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Are These for Real or Scams?

If you check into a money-making opportunity and are told you'll be sent a check, and you have to deposit it and then send some of the money to someone else, it's a scam. In fact, many of the offers you get in your email or see online are scams, or at least as close to illegal as they can get without putting someone in jail.

Of course, some opportunities are for real, and some are only a fraud most of the time. Most of the time? Yes, that's not very encouraging, but that's what this article is here for -- to help you sort through some of the possibilities out there, the ones that make a person with healthy skepticism ask, "Is this for real or a scam?" I'll look at being a mystery shopper, serving as a mock juror, joining a focus group, doing surveys for pay and more.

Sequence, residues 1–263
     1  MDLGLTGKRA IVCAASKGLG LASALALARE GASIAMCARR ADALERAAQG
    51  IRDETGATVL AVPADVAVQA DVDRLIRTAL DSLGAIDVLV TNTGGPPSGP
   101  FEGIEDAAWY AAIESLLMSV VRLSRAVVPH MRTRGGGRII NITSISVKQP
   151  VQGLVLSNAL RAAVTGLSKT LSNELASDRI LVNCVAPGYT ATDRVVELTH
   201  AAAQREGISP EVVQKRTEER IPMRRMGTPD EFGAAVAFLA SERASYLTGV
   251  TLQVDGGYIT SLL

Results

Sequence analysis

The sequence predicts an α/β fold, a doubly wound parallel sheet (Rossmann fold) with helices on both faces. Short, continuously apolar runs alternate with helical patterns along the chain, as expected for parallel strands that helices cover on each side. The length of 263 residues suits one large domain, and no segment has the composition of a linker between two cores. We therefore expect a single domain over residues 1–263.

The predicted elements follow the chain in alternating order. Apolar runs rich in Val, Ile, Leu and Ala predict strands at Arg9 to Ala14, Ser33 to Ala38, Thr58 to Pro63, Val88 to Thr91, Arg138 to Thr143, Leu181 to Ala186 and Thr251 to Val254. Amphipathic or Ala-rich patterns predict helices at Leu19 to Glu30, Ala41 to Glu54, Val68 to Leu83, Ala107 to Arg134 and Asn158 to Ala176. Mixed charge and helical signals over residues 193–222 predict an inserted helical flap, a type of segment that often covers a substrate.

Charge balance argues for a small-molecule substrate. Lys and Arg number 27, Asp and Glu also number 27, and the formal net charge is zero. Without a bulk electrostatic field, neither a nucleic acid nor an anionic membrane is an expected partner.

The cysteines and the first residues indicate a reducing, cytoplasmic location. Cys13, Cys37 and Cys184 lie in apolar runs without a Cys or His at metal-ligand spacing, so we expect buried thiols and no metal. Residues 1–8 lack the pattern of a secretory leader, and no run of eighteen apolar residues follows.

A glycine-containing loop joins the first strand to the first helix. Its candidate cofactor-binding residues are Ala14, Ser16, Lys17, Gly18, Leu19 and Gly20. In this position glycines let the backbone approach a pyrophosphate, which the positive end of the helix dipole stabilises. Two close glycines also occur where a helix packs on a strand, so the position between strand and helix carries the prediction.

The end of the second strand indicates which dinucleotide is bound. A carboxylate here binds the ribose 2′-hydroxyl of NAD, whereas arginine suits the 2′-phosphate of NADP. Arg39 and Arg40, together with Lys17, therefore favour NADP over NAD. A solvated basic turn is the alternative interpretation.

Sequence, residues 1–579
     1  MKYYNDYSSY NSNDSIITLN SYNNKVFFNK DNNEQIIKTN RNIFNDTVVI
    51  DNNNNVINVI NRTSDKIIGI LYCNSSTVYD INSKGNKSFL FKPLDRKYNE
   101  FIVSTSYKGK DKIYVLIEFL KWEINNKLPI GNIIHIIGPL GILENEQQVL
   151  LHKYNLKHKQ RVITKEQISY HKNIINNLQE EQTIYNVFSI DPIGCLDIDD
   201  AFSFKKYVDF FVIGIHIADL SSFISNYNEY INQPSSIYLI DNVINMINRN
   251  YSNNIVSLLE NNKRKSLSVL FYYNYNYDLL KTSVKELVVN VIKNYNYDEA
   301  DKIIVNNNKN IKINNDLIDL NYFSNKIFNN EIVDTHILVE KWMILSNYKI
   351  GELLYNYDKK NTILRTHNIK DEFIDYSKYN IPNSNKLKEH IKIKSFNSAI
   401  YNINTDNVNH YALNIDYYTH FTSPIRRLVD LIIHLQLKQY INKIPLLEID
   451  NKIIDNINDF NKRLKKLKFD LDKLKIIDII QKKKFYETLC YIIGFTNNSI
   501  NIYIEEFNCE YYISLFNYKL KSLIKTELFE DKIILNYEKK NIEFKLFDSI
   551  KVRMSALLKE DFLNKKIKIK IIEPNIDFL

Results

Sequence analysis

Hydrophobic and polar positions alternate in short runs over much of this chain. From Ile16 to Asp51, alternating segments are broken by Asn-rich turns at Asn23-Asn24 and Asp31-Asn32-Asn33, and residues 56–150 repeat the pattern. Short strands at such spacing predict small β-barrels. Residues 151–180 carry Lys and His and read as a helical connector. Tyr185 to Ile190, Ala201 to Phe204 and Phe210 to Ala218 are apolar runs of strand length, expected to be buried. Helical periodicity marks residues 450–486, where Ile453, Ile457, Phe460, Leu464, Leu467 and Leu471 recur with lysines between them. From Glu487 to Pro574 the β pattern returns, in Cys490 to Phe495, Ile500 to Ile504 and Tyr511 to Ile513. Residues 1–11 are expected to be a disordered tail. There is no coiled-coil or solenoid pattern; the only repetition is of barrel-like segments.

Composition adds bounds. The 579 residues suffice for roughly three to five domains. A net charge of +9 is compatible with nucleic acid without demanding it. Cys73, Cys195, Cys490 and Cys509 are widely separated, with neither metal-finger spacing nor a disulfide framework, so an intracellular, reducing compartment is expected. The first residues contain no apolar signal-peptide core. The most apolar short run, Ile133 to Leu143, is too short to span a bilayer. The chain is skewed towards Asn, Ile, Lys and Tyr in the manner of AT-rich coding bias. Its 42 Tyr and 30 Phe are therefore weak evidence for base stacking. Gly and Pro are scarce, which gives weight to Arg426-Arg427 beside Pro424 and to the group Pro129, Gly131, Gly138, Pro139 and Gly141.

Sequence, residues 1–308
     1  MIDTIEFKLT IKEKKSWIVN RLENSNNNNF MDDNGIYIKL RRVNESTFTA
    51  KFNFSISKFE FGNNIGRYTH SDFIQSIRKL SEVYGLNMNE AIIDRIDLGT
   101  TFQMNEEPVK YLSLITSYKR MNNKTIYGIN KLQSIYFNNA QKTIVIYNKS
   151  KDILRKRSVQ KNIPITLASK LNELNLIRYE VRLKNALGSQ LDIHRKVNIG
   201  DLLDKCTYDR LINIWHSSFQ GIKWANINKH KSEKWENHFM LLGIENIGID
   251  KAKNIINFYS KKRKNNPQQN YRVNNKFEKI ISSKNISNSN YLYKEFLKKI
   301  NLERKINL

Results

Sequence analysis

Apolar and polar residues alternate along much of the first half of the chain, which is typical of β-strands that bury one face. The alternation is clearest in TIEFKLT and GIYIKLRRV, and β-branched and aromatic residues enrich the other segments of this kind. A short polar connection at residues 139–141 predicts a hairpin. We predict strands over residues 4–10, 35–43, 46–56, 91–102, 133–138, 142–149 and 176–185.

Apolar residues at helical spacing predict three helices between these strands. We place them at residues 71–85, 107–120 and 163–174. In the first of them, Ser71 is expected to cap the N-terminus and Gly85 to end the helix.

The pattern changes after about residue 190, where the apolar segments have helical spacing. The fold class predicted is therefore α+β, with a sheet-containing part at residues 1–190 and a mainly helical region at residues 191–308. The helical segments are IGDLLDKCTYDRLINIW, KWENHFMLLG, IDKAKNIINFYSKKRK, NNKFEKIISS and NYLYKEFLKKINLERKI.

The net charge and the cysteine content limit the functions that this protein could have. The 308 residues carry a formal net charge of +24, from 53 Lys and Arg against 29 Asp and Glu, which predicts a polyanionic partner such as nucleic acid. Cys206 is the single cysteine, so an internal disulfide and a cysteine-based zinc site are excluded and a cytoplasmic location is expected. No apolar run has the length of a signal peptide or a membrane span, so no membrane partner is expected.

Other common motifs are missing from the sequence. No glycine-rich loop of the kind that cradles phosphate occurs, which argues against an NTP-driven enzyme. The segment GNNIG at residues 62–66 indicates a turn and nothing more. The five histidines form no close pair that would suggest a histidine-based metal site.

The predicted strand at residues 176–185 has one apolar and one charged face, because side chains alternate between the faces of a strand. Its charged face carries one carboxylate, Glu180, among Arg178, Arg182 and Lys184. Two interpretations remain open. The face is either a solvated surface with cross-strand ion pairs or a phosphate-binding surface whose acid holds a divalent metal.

Mystery Shopper

Posing as a customer and visiting a store or restaurant to see how you are treated sounds like a fun way to make a little extra money. You report on your experience and what you saw to the company which hired you, filling out whatever questionnaire or form they need. They, in turn, give all the information to the businesses which their mystery shoppers visit. These businesses essentially pay mystery shopper outfits to see how good of a job they and their employees are doing.